Album Remarks & Appraisals:
Chicago-based composer, arranger, and trumpeter Joe Clark has launched a debut big band album in an economic environment. The Billy Strayhorn ballad "Lush Life" is executed with a rich texture and a strong tenor saxophone solo from Chris Madsen. The band offers five covers and three originals that demonstrate a common idea among the members of the ensemble. The Latin-flavored "Samba De Martelo" is adroitly imagined with guitarist Mike Pinto on firm ground. The Walter Gross/Jack Lawrence standard "Tenderly" which generally is a vocal tune. The pieces are inventive and highly-adaptable, thereby giving the band a chance to relax. The soloists make good use of the structure of the charts to demonstrate their skills, with trombonist Tom Garling in the lead on the first tune, Victor Garcia on trumpet on the second, and finally pianist Ryan Cohan on the last offering.
Personnel: Mike Pinto (guitar); Dan Nicholson (flute, alto saxophone); Chris Madsen, Anthony Bruno (flute, tenor saxophone); Corbin Andrick (clarinet, soprano saxophone, alto saxophone); Mark Hiebert (bass clarinet, baritone saxophone); Brent Turney, Joe Clark , Victor Garcia , Chuck Parrish, B.J. Cord (trumpet, flugelhorn); Bryant Scott, Andy Baker , Tom Garling (trombone); Tom Matta (bass trombone); Ryan Cohan (piano).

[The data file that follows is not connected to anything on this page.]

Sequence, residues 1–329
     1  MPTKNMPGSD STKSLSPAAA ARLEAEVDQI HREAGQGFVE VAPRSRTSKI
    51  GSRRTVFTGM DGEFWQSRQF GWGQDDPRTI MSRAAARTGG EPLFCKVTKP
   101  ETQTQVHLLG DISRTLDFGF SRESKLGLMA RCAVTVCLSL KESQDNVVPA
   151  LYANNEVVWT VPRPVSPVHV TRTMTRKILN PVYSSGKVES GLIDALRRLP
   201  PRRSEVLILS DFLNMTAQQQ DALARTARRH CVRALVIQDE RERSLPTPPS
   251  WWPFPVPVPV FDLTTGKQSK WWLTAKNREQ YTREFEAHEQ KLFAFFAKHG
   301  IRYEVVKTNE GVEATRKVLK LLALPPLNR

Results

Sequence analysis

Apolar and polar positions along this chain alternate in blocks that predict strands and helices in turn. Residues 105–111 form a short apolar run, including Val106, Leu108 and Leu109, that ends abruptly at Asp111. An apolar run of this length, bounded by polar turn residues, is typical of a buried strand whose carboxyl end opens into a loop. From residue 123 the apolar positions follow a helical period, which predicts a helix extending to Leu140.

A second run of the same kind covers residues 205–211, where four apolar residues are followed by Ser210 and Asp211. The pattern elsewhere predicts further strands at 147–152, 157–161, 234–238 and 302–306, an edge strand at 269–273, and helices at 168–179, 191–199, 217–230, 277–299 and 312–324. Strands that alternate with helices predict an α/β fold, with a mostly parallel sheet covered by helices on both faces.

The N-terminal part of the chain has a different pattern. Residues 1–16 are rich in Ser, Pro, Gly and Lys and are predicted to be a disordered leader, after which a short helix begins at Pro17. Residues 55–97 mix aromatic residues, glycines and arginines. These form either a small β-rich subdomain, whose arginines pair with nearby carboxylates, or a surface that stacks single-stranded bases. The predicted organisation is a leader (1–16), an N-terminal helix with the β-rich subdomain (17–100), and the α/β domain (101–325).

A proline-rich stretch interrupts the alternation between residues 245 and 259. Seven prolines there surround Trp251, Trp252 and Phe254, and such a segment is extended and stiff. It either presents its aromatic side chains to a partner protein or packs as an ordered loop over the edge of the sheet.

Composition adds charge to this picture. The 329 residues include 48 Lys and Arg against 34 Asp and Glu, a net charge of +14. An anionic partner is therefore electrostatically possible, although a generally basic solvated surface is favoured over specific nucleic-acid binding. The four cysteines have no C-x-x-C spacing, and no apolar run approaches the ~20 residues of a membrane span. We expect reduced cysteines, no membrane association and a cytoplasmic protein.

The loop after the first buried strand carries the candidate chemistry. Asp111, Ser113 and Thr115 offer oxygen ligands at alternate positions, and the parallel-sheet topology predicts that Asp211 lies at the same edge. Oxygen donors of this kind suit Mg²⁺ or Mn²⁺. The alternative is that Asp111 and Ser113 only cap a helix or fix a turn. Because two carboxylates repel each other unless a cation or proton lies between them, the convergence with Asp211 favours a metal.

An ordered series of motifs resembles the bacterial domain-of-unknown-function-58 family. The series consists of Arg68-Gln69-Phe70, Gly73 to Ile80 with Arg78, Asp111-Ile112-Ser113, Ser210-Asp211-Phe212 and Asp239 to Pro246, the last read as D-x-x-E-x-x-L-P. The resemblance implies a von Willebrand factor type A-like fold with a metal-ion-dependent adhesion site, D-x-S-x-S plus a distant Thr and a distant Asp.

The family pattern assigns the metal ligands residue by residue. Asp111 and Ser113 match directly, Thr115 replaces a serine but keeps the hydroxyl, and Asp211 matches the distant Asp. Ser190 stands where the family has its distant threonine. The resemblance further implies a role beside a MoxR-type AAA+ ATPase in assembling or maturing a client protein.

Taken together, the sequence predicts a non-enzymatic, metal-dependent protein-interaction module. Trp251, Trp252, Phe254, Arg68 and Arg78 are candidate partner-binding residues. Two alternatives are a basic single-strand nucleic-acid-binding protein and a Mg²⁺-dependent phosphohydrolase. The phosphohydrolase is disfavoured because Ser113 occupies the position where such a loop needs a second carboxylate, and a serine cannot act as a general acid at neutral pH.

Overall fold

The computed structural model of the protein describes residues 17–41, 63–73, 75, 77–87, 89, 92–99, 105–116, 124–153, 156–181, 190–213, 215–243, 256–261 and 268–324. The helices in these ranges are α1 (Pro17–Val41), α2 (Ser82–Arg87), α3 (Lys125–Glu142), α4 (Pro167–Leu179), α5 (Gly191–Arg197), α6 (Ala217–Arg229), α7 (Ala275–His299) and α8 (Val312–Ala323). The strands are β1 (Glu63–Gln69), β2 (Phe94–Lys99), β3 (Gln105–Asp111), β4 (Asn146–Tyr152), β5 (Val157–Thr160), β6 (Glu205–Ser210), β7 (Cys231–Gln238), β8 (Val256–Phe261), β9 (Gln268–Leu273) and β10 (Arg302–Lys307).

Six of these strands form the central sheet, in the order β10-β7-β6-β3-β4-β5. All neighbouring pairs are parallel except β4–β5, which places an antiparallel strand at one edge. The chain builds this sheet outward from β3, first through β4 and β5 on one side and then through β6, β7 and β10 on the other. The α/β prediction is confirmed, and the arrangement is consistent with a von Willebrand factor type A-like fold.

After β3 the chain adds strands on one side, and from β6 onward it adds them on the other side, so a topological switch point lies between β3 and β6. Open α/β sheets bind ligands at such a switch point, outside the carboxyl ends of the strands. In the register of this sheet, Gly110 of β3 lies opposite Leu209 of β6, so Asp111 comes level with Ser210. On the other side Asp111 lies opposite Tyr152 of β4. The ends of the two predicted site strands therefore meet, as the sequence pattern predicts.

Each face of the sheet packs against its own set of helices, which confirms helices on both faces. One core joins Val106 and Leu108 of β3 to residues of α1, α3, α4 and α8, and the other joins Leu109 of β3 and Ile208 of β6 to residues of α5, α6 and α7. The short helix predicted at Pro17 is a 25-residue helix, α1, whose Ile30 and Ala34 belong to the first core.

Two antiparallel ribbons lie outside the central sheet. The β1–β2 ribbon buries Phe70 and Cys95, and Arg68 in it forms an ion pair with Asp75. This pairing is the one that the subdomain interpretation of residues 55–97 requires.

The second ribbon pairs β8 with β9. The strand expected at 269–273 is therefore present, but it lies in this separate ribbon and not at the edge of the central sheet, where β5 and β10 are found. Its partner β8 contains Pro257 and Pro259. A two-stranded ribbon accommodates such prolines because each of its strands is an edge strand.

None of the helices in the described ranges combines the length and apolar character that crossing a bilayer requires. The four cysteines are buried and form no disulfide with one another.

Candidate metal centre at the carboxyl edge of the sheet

Audio Mixers: Joe Clark ; Thomas Miller.
Liner Note Authors: Joe Clark ; Mark Hiebert.
Recording information: Studiochicago, Chicago, IL (03/20/2012/03/21/2012).
Lush marks the first big-band album under the leadership of composer, arranger, and trumpeter Joe Clark. The band achieves a delicate balance, paying homage to the traditional big-band sound of the '40s while moving the music forward via Clark's modern arrangements. In order to achieve that balance, Clark assembled a versatile band that features Grammy-winning drummer Jeff Hamilton, who is also music director of the renowned modern big band Clayton-Hamilton Jazz Orchestra. The eight tracks include takes on the Thelonious Monk composition "Well, You Needn't," the standards "Tenderly" and "Yesterday's Gardenias," Billy Strayhorn's "Lush Life," Jeff Hamilton's "Samba de Martelo, and three original compositions from Clark. ~ Al Campbell